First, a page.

Proactive Measures To Prevent Diabetic Complications
Reducing The Risk Of Post-Treatment Complications
We like to tell our patients and the public that regular foot care prevents amputations and this is true to a significant extent. However, even non-invasive office care of the diabetic patient carries certain risks. Ulcerations, infections or amputations may still occur in spite of our best efforts. Unintended nicks, lacerations or abrasions can and do happen. Subsequent infection at points of treatment, such as callus or nail grooves, can develop. Subsequent blistering, ulceration or necrosis of chronic pressure points can occur after treatment, and the patient may even perceive them as the results of podiatric care. Lastly, one can uncover previously undiagnosed ulceration upon the debridement of a keratosis. If the patient is not adequately informed about the condition, he or she may think the debridement caused the ulceration. In order to manage the risk of diabetic foot care, it is important to take a pertinent history on all patients before any treatment. Likewise, examine the foot and explain any potentially ulcerative findings to the patient. If one suspects there is an underlying ulceration beneath a hemorrhagic callus, inform the patient before debridement so he or she realizes the abnormal condition preceded the podiatric care. In the event that inadvertent injury occurs, inform the patient and provide proper treatment. This may mean nothing more than applying an antiseptic and a Band-Aid. However, more high-risk situations may require dressings and a healing shoe. Instruct the patient in home care and provide short-term follow-up until the injury heals. Patients with diabetes who contact the office with a new problem may require urgent care. One should see patients with acute injuries or suspected infections the same day. If this is not possible, make a referral to the local emergency room. For first aid, advise the patient to keep the affected area clean and stay off the foot until he or she obtains medical evaluation. Document recommendations and patient responses. One can initiate appropriate care when seeing the patient in the office unless the condition is limb threatening and requires hospitalization.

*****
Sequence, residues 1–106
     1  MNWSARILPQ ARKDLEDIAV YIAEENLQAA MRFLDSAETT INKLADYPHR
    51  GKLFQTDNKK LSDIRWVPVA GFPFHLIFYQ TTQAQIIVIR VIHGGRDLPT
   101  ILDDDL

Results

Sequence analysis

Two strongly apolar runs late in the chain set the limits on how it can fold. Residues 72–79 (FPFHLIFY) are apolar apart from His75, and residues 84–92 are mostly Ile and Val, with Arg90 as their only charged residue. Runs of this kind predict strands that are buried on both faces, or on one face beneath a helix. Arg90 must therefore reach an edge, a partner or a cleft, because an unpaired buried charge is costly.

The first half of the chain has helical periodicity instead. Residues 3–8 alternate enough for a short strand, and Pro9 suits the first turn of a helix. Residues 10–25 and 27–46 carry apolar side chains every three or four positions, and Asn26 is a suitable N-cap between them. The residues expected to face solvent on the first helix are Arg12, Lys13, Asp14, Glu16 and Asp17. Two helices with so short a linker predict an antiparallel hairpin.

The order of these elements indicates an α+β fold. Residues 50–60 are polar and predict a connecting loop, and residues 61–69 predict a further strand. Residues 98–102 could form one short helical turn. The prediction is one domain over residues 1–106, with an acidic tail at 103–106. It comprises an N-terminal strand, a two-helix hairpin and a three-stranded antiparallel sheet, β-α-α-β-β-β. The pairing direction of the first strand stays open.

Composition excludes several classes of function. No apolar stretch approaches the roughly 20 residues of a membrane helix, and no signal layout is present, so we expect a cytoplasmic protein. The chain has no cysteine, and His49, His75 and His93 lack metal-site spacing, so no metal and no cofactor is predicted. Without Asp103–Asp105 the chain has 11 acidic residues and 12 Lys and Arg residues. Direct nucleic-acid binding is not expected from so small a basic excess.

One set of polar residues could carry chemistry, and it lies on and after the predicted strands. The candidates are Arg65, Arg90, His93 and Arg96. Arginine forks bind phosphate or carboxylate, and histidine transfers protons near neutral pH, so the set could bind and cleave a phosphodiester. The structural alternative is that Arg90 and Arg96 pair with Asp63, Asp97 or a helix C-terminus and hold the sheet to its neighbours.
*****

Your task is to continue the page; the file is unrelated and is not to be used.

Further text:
Patients with diabetes who suffer minor trauma from causes such as focal pressure keratosis may go on to ulcerate. Faulty healing of such an ulceration may result from inadequate pressure relief due to neuropathy, vascular disease or infection. This triad of minor trauma, ulcer and faulty healing may lead to the majority of the 80,000 or more diabetes-related amputations that occur in the United States each year. Evaluation and management of minor trauma triggers like foot deformity, pressure callus and undetected injury may prevent many of these amputations not to mention hospitalizations and home bound illnesses related to diabetic foot complications. All patients with diabetes should undergo foot screening exams once a year. Those with risk factors, such as PVD, neuropathy, foot deformity and especially focal pressure keratosis, require podiatric referral and regular evaluation and management. Patients should have appropriate interventions in order to control keratosis and protect pressure points. These interventions may include debridement, shoe and orthotic prescription, counseling and education, and corrective surgery. When such an outpatient management program is in place, expected outcomes include a decreased need for surgery, hospitalization or amputation among patients with diabetic ulcers. A proactive program should decrease the severity of ulcers as well as the overall incidence of ulceration. This kind of proactive approach constitutes medical management of serious foot conditions and is not routine care. Dr. Sage is a Professor and Chief of the Section of Podiatry at the Department of Orthopaedic Surgery and Rehabilitation at the Loyola University Stritch School of Medicine. He is also a Staff Podiatrist at Edward Hines Jr. Veterans Affairs Hospital. Dr. Steinberg is an Assistant Professor in the Department of Surgery at the Georgetown University School of Medicine in Washington, D.C. He is a Fellow of the American College of Foot and Ankle Surgeons.